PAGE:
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Earlier this month, Pfizer became the first COVID vaccine maker in the U.S. to apply for full licensing from the U.S. Food and Drug Administration (FDA). In the wake of that announcement, Peter Doshi, senior editor of The BMJ, published an article questioning the wisdom of rushing the vaccine to full approval on the basis of only about six months’ worth of data.

Doshi pointed out that one key difference between the Emergency Use Authorization (EUA) granted by the FDA to Pfizer, Moderna and Johnson & Johnson COVID vaccines, and approval — also called “licensure,” or for vaccines, Biologics License Application (BLA) — was the expected length of follow-up of trial participants.

For EUA, the FDA requires two months follow-up of clinical trial participants, but the agency has not committed to a clear minimum follow-up requirement for full approval, Doshi said. When the question was raised during a Dec. 10, 2020, FDA meeting, Doshi reported that the FDA’s Doran Fink responded that the agency “typically asks” for “at least six months of follow-up in a substantial number of clinical trial participants to constitute a safety database that would support licensure.”

Doshi wrote:

“An approval based on six months of data would represent one of the fastest for a novel vaccine in FDA history. Among the six ‘first in disease’ vaccines approved by the FDA since 2006, pre-licensure pivotal trials were a median of 23 months in duration, according to a recent analysis.

“Six months also seems substantially shorter than previously conceptualized expectations. A World Health Organization expert group on COVID-19 vaccines (which included FDA regulators) in August 2020 called for follow-up ‘until at least month 12, or until an effective vaccine is deployed locally.’ Another group, composed of industry and academic authors, similarly wrote in October 2020: ‘we recommend longer term follow-up of all participants … for at least a year after randomization.”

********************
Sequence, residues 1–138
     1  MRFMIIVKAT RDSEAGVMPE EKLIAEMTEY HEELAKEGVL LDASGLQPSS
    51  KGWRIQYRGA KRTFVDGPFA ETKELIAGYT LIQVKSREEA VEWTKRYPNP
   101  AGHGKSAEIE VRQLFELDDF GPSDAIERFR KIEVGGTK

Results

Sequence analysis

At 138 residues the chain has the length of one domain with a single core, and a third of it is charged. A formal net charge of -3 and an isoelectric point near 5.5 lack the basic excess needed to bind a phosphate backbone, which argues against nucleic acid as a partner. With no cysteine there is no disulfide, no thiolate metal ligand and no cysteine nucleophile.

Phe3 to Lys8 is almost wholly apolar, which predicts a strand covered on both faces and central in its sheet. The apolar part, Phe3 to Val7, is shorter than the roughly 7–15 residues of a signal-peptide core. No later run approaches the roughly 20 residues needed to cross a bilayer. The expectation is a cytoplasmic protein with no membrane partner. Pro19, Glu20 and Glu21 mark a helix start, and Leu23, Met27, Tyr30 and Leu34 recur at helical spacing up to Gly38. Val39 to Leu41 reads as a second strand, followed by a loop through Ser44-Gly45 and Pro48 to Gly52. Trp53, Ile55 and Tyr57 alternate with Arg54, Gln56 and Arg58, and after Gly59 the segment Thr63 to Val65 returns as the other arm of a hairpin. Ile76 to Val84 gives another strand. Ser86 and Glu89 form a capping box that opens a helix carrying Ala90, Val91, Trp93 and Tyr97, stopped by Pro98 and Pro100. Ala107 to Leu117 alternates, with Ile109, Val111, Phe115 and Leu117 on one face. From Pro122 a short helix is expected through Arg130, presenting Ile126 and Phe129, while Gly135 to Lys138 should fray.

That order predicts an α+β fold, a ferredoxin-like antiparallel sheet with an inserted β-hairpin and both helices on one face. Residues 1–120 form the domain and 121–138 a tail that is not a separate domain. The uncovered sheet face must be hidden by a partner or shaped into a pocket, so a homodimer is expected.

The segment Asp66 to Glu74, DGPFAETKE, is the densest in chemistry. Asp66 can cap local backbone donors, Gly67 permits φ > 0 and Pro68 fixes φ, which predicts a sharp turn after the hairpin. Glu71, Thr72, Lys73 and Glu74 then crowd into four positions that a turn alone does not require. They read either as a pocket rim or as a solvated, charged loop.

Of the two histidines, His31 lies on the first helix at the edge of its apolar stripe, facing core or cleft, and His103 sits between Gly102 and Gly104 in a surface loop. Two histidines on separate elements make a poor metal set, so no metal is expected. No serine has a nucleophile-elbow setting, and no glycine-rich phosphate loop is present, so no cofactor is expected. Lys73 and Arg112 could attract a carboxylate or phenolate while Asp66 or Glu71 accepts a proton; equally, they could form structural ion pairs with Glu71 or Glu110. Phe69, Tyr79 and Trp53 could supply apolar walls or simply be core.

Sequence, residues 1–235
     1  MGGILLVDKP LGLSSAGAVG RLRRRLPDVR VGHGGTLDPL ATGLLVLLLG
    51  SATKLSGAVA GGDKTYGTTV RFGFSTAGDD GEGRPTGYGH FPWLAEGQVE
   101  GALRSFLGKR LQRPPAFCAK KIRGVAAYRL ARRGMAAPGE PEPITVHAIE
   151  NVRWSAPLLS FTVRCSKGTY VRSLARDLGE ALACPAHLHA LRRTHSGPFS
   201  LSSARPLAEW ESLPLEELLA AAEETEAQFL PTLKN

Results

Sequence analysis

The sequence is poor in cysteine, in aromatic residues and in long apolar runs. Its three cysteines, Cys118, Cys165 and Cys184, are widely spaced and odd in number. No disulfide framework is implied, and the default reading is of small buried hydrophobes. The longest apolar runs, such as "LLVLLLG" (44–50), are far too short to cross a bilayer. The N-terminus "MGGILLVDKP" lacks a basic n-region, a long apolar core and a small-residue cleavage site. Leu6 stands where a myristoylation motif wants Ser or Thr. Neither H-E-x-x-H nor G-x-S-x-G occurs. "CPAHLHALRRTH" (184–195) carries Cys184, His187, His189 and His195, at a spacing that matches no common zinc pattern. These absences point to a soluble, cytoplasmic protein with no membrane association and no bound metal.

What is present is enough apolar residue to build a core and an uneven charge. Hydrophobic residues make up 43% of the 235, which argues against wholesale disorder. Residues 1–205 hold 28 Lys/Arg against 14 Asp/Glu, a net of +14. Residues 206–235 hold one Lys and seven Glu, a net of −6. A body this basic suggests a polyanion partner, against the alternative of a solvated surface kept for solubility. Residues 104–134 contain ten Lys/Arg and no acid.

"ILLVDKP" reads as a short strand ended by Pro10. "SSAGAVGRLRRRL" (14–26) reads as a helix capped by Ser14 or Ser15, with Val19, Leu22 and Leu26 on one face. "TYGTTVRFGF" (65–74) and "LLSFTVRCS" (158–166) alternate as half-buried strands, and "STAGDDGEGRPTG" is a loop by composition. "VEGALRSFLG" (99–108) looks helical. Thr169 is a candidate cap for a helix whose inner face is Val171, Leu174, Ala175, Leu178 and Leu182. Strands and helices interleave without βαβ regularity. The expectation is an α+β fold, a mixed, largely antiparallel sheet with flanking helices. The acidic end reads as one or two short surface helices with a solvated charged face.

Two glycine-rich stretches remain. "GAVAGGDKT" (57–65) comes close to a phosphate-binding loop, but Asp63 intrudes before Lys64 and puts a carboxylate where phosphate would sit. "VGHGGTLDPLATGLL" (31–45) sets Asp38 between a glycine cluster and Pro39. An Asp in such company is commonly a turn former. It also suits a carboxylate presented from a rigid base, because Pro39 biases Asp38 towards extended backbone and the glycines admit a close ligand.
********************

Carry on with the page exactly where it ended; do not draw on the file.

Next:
Doshi said in its formal guidance, issued in June 2020, the FDA said it wanted participants followed for COVID outcomes for “as long as feasible, ideally at least one to two years” after the first injection.

“But the same document states that safety assessments for ‘serious and other medically attended adverse events should be studied ‘for at least six months after completion of all study vaccinations. Longer safety monitoring may be warranted for certain vaccine platforms,’” Doshi wrote.

When the BMJ reached out to the FDA for clarification, a spokesperson responded: “We do not have any further information beyond what is in the guidance document.”

What about ‘vital’ data?

How long vaccines protect against the virus isn’t the only question that longer, placebo-controlled trials can address — they also address vaccine safety, Doshi wrote.

Doshi said: “there is a gap — currently of unknown size but growing — between any expectation of blinded placebo controlled data, and the reality that within weeks of the vaccines receiving an EUA, the unblinding of trials commenced as placebo recipients were offered the chance to get vaccinated.”

The BMJ asked Moderna, Pfizer, and Janssen (Johnson and Johnson) what proportion of trial participants were now formally unblinded, and how many originally allocated to placebo have now received a vaccine. According to Doshi, Pfizer declined to say, but Moderna announced that “as of April 13, all placebo participants have been offered the Moderna COVID-19 vaccine and 98% of those have received the vaccine.”

“In other words, the trial is unblinded, and the placebo group no longer exists,” Doshi wrote.

Johnson & Johnson/Janssen told The BMJ: “We do not have specific figures on how many of our study participants have received a vaccine at this time.”

But the company confirmed it was implementing an amended protocol across all countries to unblind all participants in its two phase 3 trials, the earlier of which passed the median of two month follow-up mark in January, according to Doshi.

Doshi said it’s unclear how the FDA will “weigh the loss of blinding- and placebo- controlled follow-up, but just months ago the agency said these trial properties were vital.”